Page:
Can foliar diseases in forage grasses cause economic losses for livestock producers?

CN-MR-5-Can foliar disease 1by Daniel Hudson, UVM Extension Agronomist
Most garden enthusiasts are familiar with fungal diseases in fruit and vegetable crops. These diseases can induce a range of experiences from mild gardener irritation to complete crop loss. Late blight in tomatoes, powdery mildew in squash, leaf spot, phytophthora and pythium, just to name a few. The most frustrating diseases are those that spoil the quality of the product just before it is ready to harvest! The insidious fact about most plant pathogens is that their spores are everywhere. Given the right conditions, they can devastate a crop. While some species and varieties of plants have varying degrees of resistance to certain pathogens, no plant is entirely immune.
Fungal infection of fruit and vegetables can render a crop completely unmarketable, a fact that looms large in the minds of producers. In field crops and forages, however, fungal pathogens often do not prevent harvest or marketing, but often compromise yield and quality in ways that are not immediately evident. Until recently I had the impression that foliar disease on forages was not a ranking concern among livestock farmers or hay producers. This is why I was exceedingly surprised when I recently heard a farmer state that mid-summer grass diseases (foliar) are the most significant agronomic problem on his farm! [Read more…]

Sterling College hosts Governor’s Institute on Farms, Food and Your Future

CN-MR-2-Sterling College hosts 1by Bethany M. Dunbar
CRAFTSBURY COMMON, VT — Toby Marx-Dunn, a high school student from Jericho, was listening to National Public Radio one day, and it got him thinking about the food he eats. He decided he wanted to know more and get better, healthier food. This impulse led him to sign up for a brand new summer Governor’s Institute of Vermont — one called, Farms, Food and Your Future.
The impulse led him to a spot standing behind the back ends of a pair of large, patient work horses in a farm field at Sterling College in Craftsbury Common on July 31.
Marx-Dunn seems to be not alone in his impulse, judging by admissions numbers at Sterling. Last year the college — which teaches sustainable agriculture and food-related topics — had about 90 students. This fall the doors will open to a full class of 110. Tim Patterson, director of admission and financial aid, said the dorms are full. [Read more…]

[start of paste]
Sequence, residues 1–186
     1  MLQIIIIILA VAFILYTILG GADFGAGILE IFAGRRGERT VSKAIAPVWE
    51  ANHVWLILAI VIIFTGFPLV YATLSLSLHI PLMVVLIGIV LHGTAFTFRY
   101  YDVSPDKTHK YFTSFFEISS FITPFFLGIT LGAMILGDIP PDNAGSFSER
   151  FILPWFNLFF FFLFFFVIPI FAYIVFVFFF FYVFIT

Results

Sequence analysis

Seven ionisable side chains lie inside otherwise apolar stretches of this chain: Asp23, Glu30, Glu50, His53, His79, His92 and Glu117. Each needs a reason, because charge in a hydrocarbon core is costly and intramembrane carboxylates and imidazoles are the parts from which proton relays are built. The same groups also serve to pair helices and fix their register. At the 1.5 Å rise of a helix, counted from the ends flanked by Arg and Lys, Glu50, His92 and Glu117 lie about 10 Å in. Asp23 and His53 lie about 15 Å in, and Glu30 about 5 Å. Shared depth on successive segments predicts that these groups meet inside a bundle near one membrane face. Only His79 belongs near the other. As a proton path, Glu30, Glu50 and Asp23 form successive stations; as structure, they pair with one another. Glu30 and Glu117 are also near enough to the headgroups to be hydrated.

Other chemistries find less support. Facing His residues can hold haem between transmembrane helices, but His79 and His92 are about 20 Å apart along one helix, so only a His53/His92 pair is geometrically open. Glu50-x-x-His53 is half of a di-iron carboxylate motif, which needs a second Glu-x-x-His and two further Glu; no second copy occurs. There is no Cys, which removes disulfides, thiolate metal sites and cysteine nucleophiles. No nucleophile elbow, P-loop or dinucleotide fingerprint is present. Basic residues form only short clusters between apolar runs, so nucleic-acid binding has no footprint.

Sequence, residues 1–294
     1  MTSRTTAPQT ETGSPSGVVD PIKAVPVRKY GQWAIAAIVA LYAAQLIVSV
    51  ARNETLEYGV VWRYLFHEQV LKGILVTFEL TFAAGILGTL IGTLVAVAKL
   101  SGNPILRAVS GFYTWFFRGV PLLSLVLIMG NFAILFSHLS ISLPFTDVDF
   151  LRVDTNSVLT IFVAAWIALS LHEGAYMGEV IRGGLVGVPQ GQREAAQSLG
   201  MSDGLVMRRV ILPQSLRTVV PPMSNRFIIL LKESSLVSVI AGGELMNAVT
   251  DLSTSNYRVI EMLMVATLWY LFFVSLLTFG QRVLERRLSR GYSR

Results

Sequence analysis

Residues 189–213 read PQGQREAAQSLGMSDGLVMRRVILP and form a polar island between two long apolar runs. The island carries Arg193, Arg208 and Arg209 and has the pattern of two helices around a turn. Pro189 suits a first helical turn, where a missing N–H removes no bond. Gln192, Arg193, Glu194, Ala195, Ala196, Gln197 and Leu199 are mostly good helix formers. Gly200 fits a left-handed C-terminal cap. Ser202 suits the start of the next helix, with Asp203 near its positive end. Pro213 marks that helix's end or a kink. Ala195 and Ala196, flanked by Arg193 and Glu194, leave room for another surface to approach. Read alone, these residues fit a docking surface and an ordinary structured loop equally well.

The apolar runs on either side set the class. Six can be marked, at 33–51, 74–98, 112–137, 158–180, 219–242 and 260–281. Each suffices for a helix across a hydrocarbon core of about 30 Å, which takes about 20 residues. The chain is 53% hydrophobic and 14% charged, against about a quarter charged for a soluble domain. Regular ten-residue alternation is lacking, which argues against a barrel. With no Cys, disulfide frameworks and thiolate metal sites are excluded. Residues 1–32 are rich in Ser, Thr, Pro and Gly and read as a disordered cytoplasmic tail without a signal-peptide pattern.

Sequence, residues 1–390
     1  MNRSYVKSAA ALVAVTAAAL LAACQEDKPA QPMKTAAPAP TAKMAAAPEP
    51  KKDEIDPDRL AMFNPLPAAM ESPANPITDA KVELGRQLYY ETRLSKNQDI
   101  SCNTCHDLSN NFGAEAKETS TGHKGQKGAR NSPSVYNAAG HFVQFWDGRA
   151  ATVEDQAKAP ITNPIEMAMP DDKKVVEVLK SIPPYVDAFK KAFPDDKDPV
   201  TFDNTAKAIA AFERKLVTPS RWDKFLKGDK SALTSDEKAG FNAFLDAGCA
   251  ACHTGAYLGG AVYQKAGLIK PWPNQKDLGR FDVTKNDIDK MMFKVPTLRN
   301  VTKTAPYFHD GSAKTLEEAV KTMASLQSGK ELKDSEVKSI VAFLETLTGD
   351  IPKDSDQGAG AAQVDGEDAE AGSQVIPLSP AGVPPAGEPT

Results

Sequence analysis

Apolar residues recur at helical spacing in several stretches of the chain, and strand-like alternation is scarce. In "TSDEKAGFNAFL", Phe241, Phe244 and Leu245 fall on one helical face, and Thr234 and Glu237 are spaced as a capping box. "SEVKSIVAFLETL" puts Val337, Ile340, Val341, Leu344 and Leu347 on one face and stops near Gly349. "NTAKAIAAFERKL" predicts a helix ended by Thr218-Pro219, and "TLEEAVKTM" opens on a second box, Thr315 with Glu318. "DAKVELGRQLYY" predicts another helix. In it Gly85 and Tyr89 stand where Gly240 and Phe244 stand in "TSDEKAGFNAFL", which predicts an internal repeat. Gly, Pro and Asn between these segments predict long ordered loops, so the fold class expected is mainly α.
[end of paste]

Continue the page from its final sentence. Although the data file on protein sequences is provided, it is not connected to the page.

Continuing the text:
What young farmers are taking on

CM-MR-3-What young farmers 1by Steve Wagner
Recently Pennsylvania Governor Tom Corbett and First Lady Susan Corbett hosted a breakfast for officers and advisors of the FFA and 4-H at the Governor’s Mansion. Though overcast outside, a homey yet sumptuous meal was served indoors at a long table on highly polished hardwood floors and lit in chandeliered splendor. After breakfast, Governor Corbett spoke to Country Folks. The question was: with all the serious concerns that farmers are facing today — drought, floods, tornadoes, overly ambitious federal regulation, tax burdens, nutrient management issues, and so on — what is it that makes these young people want to lead with their chins when deciding to pursue farming? Corbett answered by saying that it is in 4-H’ers and FFA members to “have a profession, have an ability to take care of themselves, and have a challenge of growing something, whether it’s an animal or livestock or flowers, trees, vegetables, whatever. But I think it’s also an independence issue. In many cases these young people come from families that do this, so it is continuing a culture that is the number one industry in Pennsylvania. People forget that. Small businesses are the majority of businesses. [Read more…]

Producers learn to make the most of tall fescue

CM-MR-3-Producers learn 1by Jennifer Showalter
Even though fescue has earned such a bad name throughout the Shenandoah Valley over the years, producers are accepting that it is here to stay and are trying to learn how to best manage it in a way that minimizes the negative side effects of endophyte infection. Recently a group of around 50 gathered at the Augusta County Government Center to learn the results of a recent study conducted by the Virginia Extension Service on the entophyte found in fescue seed heads in the valley and to learn how to make the most of fescue.
Matt Booher with the Virginia Cooperative Extension shared that of the 25 farms he tested in Rockbridge, Augusta, and Rockingham Counties for entophyte infection levels, 65 percent of the pastures were 100 percent infected and 30 percent of the pastures were 80 to 90 percent infected. With livestock experiencing moderate to severe effects from entophyte infection at a 40 percent level, Booher concluded that the valley has some ‘hot’ pastures. [Read more…]

Trowbridge Farms

CEW-MR-3-Trowbridge Angus4by Katie Navarra
When the 2013 National Angus Conference and Tour descends on Albany, NY, this Aug. 28-30, it will be a proud moment for Phil Trowbridge of Ghent, NY.
As the current President and Chairman of the Board for the American Angus Association and owner of the Trowbridge Angus Farms in Ghent, NY, he has the opportunity to showcase the proud tradition of agriculture in New York State.
“A lot of people don’t realize there is so much agriculture in New York,” he said. During the three-day National Conference, participants will learn about topics facing the Angus industry including understanding the importance of transparency, marketing genetics, business issues and preparing for the future. The three-day event also includes tours of local farms.
Following a day of seminars and workshops, Phil has the honor of hosting Convention attendees for dinner and a special sale organized as part of the National Tour at his farm in Ghent. “There will be 100 cows sold in 70 lots,” he said. Sellers and buyers will come from across New York, Pennsylvania and the entire Northeast. [Read more…]